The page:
The company found that a quarter of 18-24 year olds in a survey lacked confidence when it came to managing their money and only 10 per cent felt they had received an adequate or good level of financial education while at school.
Course subjects will include: budgeting and managing debt, tax, employer benefits, savings and pensions, purchasing property and making a long-term plan.
Jo Thresher, head of money at work at Jelf Employee Benefits, said: “Many graduates may not know or understand what to do with their money – especially if they’ve been supported by the bank of Mum and Dad.”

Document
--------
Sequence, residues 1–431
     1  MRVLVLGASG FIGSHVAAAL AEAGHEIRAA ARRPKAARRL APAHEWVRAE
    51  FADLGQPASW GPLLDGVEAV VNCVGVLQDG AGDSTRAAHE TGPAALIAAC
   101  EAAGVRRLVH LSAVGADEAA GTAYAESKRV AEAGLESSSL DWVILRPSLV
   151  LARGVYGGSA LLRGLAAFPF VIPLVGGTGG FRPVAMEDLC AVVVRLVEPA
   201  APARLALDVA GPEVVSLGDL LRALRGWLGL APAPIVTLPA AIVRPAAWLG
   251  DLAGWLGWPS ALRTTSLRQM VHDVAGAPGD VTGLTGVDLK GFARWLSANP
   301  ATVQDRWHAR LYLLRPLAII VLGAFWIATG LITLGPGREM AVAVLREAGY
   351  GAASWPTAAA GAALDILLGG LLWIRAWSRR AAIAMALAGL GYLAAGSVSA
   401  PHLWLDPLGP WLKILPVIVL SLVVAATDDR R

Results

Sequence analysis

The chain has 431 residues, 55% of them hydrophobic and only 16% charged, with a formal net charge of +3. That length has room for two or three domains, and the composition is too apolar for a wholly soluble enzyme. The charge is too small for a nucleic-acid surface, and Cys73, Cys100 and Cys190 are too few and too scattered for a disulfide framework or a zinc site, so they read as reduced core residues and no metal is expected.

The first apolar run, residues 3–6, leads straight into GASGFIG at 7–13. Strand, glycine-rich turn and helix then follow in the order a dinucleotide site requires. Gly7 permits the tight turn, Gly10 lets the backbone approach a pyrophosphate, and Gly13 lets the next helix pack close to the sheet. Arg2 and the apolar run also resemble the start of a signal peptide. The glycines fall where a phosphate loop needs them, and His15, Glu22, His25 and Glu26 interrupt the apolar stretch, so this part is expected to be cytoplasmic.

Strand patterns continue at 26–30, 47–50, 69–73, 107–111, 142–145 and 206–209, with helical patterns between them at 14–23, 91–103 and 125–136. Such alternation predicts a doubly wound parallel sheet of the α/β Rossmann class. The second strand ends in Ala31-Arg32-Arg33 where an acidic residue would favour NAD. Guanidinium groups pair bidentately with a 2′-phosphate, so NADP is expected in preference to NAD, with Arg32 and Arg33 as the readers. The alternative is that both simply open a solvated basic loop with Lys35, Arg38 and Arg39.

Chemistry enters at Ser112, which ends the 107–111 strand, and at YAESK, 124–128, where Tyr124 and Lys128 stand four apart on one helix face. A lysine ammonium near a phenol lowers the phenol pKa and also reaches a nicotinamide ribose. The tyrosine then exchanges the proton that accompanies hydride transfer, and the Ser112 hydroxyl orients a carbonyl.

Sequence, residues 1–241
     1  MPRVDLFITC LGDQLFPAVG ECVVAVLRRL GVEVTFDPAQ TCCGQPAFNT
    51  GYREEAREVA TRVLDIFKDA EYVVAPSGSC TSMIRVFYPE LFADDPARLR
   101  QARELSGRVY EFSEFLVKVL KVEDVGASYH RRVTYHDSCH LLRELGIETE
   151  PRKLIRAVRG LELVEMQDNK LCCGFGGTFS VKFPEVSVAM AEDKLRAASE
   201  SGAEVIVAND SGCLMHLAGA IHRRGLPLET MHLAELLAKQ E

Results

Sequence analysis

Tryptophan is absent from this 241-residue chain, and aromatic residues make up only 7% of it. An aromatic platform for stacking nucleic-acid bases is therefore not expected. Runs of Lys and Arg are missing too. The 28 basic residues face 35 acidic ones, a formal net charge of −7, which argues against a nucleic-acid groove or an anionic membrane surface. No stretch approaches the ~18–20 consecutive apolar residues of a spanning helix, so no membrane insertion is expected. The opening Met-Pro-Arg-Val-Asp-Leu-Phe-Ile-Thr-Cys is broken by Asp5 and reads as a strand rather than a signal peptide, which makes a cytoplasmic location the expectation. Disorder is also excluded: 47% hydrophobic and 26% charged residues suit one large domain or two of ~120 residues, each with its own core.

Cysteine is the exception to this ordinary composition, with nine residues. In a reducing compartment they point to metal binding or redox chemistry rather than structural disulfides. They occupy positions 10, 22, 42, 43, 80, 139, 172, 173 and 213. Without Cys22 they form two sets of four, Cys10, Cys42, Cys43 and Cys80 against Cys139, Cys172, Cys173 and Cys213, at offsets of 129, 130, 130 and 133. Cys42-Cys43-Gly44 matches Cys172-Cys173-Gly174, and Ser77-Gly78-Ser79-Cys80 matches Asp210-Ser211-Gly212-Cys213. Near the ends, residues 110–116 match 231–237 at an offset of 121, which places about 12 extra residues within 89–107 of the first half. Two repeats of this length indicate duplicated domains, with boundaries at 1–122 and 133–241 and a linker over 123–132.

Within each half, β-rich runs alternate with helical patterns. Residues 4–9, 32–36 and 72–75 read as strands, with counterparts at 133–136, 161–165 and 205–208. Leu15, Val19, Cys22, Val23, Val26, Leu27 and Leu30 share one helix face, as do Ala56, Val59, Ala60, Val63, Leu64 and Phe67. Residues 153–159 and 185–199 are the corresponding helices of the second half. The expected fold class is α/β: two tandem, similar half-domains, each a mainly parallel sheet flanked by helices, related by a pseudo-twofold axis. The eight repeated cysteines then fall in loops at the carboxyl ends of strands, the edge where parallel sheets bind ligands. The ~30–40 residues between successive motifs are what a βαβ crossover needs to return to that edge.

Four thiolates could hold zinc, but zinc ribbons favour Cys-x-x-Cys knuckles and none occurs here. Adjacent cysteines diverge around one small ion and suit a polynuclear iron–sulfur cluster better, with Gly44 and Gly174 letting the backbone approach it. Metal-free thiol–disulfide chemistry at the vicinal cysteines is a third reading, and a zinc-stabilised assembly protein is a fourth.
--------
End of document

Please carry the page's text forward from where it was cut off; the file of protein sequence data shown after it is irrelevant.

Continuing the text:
This announcement came as the AIC encouraged parents to start the savings habit early.
Citing figures that a £100 investment into the average investment trust would have grown to £428 over the 18 years to 31 October 2015, Annabel Brodie-Smith, communications director at the AIC, said: “Parents might like to contribute towards a gift that can last long into the future, and an investment trust can be a useful way to access the long-term potential of the stock market.”
Robin Keyte, financial planner at Somerset-based Keyte Chartered Financial Planners, said:
“One of the points the AIC made is the number of investment trusts which have successfully run children’s saving plans over the years. The main benefit to regular saving in this way is pound-cost averaging.”